Breast cancer is the most prevalent among the types of cancer. It’s the second leading cause of death among women, and every woman in the world has 12 percent chance of acquiring this disease. Studies have shown that 70 to 80 percent cases of breast cancer occur in women who have no family history of the diseases. Experts say that it’s most likely due to the abnormalities that occur in genes as women age.
Nowadays, treatments for breast cancer are already available in many hospitals. But it’s still an inescapable death for some women (and even men) who are diagnosed with terminal breast cancer.
Early Signs and Symptoms
Often times, breast cancer is a silent killer. Symptoms are not apparent until the condition is advanced. The most common and classic symptoms of this disease is a lump in the breast area. If you are not familiar with your breasts shape, texture, color and size, it’s hard to assess if there are symptoms. These symptoms can either be felt or seen.
Below are the most common signs of breast cancer:
A pea-sized lump in the breasts area
A marble-liked mass near the armpit, or swelling near the lymph nodes
Persistent breast pain and tenderness throughout the menstrual cycle
Scaly and dry skin near and around the nipple
Inverted and retracted nipple
However, inflammatory breast cancer does not manifest itself in lumps. Instead, the cancer cells grow within the sheets of tissue. It causes severe breast pain, inflammation, rashes near the breasts area and sudden increase in size of the breasts.
Clinical Methods to Detect Breast Cancer
There are three test stages to detect and monitor breast cancer. The first stage is the screening test. This test is the usually an annual mammogram for people who have no breast problems. Its purpose is mainly to detect breast cancer before the condition gets worse. The earlier it’s detected, the easier it is to treat.
The second stage is the diagnostic test. These tests are usually performed on people who suspect they have breast cancer, and can be requested by either the doctor or the patient. If the patient tests positive for breast cancer, further diagnostic tests will still need to be performed to determine the severity of the disease. These tests are mainly designed to determine whether the cancer has already traveled outside the breasts area. Diagnostic tests include biopsy, blood cell count, blood chemistry, bone scans, breast magnetic resonance imaging, breast physical exam, chest X-ray, CT scan and positron emission tomography.
The third stage is the monitoring tests. A person diagnosed with breast cancer undergoes monitoring tests to determine the impact of the treatment and what further medication should be. It’s usually done once a month, or after a particular number of series of treatments. Some of the monitoring tests include oncotype DX test, molecular breast imaging, SPoT-Light HER2 CISH, ductal lavage and Fluorescence In Situ Hybridization.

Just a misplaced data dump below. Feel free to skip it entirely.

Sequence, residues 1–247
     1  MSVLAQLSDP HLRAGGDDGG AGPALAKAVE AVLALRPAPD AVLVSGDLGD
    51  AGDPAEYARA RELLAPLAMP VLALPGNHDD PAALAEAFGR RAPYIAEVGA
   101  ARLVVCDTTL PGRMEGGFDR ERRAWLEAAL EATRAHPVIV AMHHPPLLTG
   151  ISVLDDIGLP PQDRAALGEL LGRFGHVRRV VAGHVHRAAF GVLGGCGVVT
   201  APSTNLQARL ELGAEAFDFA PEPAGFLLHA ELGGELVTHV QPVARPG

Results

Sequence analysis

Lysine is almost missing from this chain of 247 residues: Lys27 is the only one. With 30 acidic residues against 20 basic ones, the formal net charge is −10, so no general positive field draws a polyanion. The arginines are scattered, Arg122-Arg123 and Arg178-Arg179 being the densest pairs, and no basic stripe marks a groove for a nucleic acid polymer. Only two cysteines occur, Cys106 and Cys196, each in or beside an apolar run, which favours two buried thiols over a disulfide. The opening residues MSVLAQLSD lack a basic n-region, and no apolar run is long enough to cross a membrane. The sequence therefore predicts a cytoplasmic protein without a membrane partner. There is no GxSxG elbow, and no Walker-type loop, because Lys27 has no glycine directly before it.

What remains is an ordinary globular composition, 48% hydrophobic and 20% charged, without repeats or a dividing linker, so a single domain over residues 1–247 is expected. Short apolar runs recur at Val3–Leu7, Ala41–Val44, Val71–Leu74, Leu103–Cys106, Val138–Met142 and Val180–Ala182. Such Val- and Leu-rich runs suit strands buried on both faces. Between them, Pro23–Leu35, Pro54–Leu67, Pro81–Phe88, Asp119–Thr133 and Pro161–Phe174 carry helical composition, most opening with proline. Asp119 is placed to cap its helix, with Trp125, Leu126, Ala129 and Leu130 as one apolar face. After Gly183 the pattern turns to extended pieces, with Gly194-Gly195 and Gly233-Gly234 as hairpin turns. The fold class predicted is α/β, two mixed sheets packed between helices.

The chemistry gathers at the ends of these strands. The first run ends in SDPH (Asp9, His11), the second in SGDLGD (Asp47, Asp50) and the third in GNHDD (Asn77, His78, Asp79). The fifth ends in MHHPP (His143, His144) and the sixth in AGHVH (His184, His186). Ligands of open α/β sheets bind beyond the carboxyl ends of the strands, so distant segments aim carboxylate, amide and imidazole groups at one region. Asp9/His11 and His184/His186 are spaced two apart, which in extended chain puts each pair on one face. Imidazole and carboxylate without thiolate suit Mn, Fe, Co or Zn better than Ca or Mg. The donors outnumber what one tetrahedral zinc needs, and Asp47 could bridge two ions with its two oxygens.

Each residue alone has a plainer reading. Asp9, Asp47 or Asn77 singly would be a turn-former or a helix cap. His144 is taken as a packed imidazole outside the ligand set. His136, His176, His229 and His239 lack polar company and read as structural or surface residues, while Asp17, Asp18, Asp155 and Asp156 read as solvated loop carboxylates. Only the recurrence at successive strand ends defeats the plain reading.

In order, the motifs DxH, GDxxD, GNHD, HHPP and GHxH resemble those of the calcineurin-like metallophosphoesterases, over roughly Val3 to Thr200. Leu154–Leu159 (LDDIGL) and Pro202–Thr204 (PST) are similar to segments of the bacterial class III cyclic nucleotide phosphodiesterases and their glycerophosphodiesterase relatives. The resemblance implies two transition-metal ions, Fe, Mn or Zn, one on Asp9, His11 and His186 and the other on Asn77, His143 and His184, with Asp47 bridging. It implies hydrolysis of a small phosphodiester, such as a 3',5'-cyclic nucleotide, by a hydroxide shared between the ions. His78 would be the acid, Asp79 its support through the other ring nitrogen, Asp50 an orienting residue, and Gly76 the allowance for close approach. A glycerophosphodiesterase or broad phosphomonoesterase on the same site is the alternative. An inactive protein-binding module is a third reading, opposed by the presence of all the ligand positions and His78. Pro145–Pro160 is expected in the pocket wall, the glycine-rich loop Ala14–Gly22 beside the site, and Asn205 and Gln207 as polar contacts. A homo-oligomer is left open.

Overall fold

Breast Self-Examination: How to
Experts don’t rely much on breast self-examination because of accuracy issues compared to other clinical tests, but it’s still crucial for women to be knowledgeable about ways to assess their own health. It helps prevent greater damage and puts them further away from greater risk of the disease.
There are two important points to observe during breast self-exam. The first point is that you should look at the shape of your breasts. Most breasts are not the same in size, so don’t worry if you observe that one of your breasts is larger than the other. You should be familiar with how your breasts look like. Abnormalities that you should be looking for include: lumps, dimples, irregular change in shape and bruising. The second important point that you should take note of is the condition and feeling of your breasts.
Follow this simple breast self-examination:
- Before you put your bra, stand in front of the mirror where there’s good lighting. Relax your arms and put them on your side.
- Examine your breasts and look to see if there’s change in shape. Look for lumps, dimples around your breasts, peeling on your nipple and the direction of your nipple.
- Perform this in different arm positions. Put your arms out to the side, hold them out forward, put your arms over your head and rest your hands on your waist. You can also bend lower and forward at the waist so that you can see how your breasts look like when you are positioned forward.
- When you are taking a shower, use some soap and gently massage your breast area. Since the soap makes the texture of your skin smoother, it’s easier to feel if there’s a lump.
- Before you go to sleep, put some body lotion on your hand and massage your breasts. Since you are lying down, it offers a different position to determine the breast abnormalities.
- Try to feel your breasts through your fingers. Move them clockwise until you've covered the whole area.
- Perform the nipple test. Push both your nipples inward. They should move back to their original direction after you let go. Try to hold the tissue around the nipple and gently pull it. Observe if there’s discharge from the nipple.
Breast cancer doesn’t knock when it comes. It rarely gives a warning when will it attack, and by the time you notice it yourself it could already be too late. It's always better to be informed and prepared to face the battle against breast cancer head-on. Opportunity doesn't knock twice, and catching breast cancer early on could be the only opportunity you get to defeat this terrible disease.